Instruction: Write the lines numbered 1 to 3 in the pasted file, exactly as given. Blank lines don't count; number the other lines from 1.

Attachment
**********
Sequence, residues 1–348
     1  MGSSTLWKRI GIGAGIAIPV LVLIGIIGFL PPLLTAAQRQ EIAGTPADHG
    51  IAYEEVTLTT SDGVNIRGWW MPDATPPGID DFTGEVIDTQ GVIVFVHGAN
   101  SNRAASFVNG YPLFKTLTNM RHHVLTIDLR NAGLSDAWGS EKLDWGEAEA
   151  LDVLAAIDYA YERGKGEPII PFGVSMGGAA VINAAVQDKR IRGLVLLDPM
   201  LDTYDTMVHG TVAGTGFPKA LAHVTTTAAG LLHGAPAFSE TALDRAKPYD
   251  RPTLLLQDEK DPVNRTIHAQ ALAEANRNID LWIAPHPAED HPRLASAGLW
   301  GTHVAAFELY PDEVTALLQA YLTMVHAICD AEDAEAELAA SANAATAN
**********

Sequence, residues 1–348
     1  MGSSTLWKRI GIGAGIAIPV LVLIGIIGFL PPLLTAAQRQ EIAGTPADHG
    51  IAYEEVTLTT SDGVNIRGWW MPDATPPGID DFTGEVIDTQ GVIVFVHGAN